It is the sort of news you would think might turn Sean Bean red with anger. Or perhaps blue with depression.
His beloved United and Wednesday are to merge to form a new super-club Sheffield City FC.
Both Bramall Lane and Hillsborough will be knocked down and sold off for supermarket development, while the famous striped kits are to be scrapped in favour of a crimson and maroon pattern.
But while such news might horrify our Sean in real life (not to mention thousands of Blades and Owls), it seems Sheffield’s most famous actor is so impressed with a new novel in which the scenario unfolds he’s already talked about appearing in a film version.
The Hollywood heavyweight threw his weight behind the self-published fiction – called Fat Chancer and written by Sheffield boy-done-good Richard Old – by giving a reading at a London launch.
The actor and the author, a retired stockbroker of Ranmoor, had previously met through mutual friends. “The lead character is a piece of work,” noted the Lord Of The Rings and Sharpe star. “It’s something I could get my teeth into.”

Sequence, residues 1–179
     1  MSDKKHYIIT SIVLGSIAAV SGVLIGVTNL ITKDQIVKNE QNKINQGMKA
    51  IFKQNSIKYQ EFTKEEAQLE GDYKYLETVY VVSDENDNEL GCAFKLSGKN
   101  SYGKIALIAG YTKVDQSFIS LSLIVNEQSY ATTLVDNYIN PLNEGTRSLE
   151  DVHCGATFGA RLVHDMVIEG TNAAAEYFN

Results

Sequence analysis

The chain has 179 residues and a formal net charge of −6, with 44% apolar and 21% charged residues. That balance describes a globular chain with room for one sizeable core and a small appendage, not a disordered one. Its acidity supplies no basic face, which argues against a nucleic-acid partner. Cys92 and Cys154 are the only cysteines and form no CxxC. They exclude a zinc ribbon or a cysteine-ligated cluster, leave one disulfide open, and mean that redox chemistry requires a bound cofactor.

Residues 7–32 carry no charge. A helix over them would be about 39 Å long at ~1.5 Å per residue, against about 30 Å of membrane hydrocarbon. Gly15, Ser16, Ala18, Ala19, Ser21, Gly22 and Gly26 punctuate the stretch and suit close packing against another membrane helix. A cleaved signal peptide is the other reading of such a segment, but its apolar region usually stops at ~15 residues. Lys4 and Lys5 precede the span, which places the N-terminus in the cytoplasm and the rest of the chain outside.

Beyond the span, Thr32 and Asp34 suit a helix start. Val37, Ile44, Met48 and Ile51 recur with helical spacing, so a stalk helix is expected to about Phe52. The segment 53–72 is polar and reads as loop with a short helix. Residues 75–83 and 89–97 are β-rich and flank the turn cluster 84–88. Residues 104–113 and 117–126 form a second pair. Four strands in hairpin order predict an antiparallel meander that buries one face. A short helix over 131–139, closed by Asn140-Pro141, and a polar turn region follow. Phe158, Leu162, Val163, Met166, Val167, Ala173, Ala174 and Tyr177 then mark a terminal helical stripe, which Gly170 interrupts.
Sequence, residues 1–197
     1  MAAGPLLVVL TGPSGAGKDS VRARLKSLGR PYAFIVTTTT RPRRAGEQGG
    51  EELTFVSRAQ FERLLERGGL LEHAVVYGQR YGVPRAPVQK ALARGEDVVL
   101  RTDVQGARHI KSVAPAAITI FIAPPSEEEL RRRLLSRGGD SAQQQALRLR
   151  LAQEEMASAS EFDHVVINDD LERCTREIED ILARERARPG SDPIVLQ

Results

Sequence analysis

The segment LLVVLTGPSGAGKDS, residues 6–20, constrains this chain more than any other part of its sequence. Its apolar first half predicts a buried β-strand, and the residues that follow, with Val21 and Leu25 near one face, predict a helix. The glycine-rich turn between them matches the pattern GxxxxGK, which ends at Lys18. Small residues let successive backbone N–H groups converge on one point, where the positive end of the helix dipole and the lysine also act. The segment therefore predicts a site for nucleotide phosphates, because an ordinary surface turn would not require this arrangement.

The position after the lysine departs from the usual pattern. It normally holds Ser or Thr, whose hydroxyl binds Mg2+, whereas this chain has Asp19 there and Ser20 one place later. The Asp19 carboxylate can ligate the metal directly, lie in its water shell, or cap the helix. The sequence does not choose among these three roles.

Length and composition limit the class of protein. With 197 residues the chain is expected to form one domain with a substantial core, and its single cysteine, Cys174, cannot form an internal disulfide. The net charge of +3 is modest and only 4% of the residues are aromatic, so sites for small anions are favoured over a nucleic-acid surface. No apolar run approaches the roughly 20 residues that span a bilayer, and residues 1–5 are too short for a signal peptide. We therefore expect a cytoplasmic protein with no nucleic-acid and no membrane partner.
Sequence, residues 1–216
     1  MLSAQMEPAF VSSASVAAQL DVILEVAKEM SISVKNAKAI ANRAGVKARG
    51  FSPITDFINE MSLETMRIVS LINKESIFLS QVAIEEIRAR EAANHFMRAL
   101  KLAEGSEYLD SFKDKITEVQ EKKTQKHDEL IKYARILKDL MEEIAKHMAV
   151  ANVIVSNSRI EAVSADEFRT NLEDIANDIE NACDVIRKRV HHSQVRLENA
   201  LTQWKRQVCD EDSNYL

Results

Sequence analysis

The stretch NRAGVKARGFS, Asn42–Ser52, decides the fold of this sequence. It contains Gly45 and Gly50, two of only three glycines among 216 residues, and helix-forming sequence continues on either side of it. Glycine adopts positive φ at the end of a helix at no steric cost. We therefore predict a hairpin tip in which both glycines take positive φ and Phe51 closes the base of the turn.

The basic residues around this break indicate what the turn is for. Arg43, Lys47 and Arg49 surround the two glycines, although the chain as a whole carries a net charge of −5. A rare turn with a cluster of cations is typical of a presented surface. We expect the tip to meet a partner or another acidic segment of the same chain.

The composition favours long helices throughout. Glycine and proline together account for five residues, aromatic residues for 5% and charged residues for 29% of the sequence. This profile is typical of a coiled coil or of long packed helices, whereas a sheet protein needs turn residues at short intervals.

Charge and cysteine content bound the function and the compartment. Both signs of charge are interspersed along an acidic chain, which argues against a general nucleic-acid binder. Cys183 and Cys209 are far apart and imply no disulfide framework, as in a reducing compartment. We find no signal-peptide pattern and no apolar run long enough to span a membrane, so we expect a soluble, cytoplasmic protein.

Well, it would have to be better than When Saturday Comes, wouldn’t it?
“The book has had a really positive reaction,” says 54-year-old Richard, talking to The Diary shortly after the launch. “I’d love to see it turned into a film, although it’s still early days.”
The story’s certainly not for the faint-hearted. And not just because that football merger leads to riots.
It also features a main character whose nickname is Fat Northern B*****d, a supporting cast of corrupt stockbrokers and high-class call girls, and – every good novel needs one – a toilet cleaner with an agenda of his own.
In it, a Whirlow businessman threatens to create Sheffield City FC after having financial success with the unwitting overweight hero.
The whole thing is set between London’s financial square mile and Sheffield’s leafy suburbs – two places Richard is perfectly placed to write about.
After growing up in Ecclesall and attending Silverdale School, he spent 27 years working as a stockbroker in London, New York and the Middle East. He retired in 2007 and moved back to Sheffield.
“I met so many extreme characters in that world – obsessives and egotists and bullies – and, though this book is complete fiction, I felt those kind of people would make for an interesting novel,” he says.
As for that merger? “It would be terrible in real life,” says the Wednesdayite. “Loss of jobs and history and players – well, maybe losing some of the players wouldn’t be such a bad thing. But I don’t think it could happen.”
Fat Chancer available from amazon £8.95.